I could write about tariffs in this week’s column. After all, we are in the middle of a trade war with China. Tariffs could very well result in higher prices for consumers. Tariffs could force everyone to dig deeper into their pockets or maybe even cause them to forgo a purchase. That would make sense in a financial column, but I’d rather not discuss tariffs today.
After all, there are several hot spots in the world I could talk about. They’re dominating the news. Tensions are high in both North Korea and Iran. Turmoil roams the streets in Venezuela. And, while those are political situations more than financial, they do have economic ramifications. But I won’t write about hot spots either.
I will mention a little about FATCA, the Foreign Account Tax Compliance Act. It’s too complicated to explain in detail, but it is a Federal Law. It requires all foreign financial institutions to keep tabs on U.S. citizens and report their assets to the Department of the Treasury. It also calls for those citizens to report their non-U.S. assets to the Internal Revenue Service.
The U.S. is one of only a handful of countries that taxes people based on citizenship rather than their residency. Now, I’m not passing judgment. The law is the law. But I am saddened by one of the “side effects” of FATCA.
Did you know that some 5,000 people renounce their citizenship and leave the country every year? FATCA is one of the reasons. And as the world grows smaller and Americans marry non-citizens, I suspect more will leave.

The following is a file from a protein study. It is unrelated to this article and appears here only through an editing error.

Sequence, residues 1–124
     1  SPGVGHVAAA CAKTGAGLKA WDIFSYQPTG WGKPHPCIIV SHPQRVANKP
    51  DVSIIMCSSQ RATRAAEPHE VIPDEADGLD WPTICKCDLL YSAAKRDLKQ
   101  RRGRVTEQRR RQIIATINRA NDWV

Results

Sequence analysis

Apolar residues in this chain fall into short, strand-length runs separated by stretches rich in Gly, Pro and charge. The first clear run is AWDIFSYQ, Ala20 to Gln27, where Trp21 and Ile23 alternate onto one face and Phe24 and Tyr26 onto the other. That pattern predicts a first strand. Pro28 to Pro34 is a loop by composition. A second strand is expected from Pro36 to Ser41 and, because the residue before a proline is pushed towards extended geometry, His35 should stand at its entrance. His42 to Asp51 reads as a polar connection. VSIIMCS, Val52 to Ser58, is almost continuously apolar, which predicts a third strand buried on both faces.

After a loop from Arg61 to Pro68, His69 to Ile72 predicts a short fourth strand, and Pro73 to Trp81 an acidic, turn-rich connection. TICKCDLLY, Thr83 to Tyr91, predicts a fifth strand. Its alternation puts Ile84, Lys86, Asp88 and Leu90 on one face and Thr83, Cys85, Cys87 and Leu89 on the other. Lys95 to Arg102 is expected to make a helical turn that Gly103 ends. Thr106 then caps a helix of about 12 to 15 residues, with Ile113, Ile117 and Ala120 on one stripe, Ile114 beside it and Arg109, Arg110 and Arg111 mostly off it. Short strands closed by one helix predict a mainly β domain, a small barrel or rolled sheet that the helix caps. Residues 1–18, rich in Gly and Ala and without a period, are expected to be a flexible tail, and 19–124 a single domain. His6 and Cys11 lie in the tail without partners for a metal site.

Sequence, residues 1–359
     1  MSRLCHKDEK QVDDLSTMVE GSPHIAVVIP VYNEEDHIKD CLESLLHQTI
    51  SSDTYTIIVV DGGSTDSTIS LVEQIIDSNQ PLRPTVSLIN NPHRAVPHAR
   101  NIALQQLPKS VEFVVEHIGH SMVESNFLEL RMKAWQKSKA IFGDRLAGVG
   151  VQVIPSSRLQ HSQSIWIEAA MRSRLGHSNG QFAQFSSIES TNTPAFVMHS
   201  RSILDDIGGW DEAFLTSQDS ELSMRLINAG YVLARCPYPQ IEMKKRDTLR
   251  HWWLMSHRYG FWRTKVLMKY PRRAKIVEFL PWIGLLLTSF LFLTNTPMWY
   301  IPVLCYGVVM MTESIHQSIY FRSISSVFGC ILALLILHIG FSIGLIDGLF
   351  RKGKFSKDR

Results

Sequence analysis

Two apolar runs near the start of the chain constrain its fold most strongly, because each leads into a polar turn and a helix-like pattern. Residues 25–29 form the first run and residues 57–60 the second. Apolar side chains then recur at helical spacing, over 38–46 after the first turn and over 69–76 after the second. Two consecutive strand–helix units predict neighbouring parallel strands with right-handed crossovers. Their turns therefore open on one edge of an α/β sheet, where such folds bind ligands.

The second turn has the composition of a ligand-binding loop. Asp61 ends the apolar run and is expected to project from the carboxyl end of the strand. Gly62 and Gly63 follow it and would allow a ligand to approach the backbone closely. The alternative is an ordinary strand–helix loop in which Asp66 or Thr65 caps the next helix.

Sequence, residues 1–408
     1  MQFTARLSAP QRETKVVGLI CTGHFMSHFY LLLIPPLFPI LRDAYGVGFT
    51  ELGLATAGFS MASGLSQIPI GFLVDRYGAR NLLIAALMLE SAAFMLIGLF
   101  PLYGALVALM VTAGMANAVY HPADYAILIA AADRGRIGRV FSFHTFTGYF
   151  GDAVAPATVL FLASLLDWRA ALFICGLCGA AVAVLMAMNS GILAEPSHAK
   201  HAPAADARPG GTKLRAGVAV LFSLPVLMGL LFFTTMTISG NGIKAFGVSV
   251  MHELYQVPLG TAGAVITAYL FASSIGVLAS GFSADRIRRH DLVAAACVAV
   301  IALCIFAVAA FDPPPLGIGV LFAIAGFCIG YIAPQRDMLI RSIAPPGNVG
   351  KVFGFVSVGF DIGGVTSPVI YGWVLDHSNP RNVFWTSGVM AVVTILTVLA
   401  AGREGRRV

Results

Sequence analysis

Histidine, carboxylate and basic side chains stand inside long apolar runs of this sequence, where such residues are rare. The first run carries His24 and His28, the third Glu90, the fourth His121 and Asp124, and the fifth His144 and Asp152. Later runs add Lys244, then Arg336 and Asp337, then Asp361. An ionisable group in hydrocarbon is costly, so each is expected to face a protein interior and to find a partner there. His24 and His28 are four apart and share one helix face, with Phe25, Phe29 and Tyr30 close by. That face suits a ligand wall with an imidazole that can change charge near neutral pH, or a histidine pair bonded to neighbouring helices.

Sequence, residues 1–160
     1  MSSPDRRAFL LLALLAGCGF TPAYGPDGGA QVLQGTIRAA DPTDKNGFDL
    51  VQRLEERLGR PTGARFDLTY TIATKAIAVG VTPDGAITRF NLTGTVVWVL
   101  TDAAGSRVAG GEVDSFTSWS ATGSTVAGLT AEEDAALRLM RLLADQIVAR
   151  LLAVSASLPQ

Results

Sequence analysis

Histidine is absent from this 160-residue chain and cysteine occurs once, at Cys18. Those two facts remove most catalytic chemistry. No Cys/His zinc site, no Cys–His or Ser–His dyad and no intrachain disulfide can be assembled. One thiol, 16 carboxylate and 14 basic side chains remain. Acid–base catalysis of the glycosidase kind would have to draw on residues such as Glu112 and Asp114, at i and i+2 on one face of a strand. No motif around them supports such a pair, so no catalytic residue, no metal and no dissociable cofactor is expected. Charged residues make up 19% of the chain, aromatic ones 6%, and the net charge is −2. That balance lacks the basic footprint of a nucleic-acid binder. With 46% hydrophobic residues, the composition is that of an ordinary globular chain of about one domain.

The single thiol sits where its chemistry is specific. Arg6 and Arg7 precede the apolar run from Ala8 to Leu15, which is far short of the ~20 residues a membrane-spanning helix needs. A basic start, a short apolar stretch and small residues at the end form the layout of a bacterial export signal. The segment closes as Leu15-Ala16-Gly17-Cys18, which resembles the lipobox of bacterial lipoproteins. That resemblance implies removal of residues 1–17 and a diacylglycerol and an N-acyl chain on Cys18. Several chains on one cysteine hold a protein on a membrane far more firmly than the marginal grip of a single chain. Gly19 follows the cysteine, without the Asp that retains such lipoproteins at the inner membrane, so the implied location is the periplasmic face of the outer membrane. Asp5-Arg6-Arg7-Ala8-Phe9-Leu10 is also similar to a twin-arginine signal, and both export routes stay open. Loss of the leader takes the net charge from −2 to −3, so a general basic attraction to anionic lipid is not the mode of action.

A good example happened earlier this month, when the royal family announced the birth of Prince Archie. Keep in mind his mother is a U.S. citizen, which means the new prince is too, since his mother was a U.S. resident for five years prior to his birth.
So the Duchess of Sussex, formerly known as Meghan Markle, and young Prince Archie will both have to comply with FATCA’s complex tax requirements. Although I suspect it won’t be much of a financial burden on them.
So here’s what bothers me. Remember those hot spots? If things ever get out of control, it’s our military that stands in harm’s way. I understand that Memorial Day is the same time every year, but this year the timing seems spot on.
The number of World War II and Korean veterans is dwindling. The men and women who served in Vietnam are now retirees. And those that served in Iraq and Afghanistan cover a wide age range.
And yet there are always men and women who volunteer and stand ready to serve our country. For as long as I can remember, year in and year out, our military has done their best so we can live a lifestyle that’s the envy of the world.
I like simplicity, but the world seems to be moving toward complexity. I believe every household has a friend or relative that serves or has served our nation. Many paid the ultimate price, giving their lives so that we can live in freedom.
Let us all take some time today, to reflect and give thanks to all the men and women who have bravely defended our freedom. It’s Memorial Day. Let’s remember.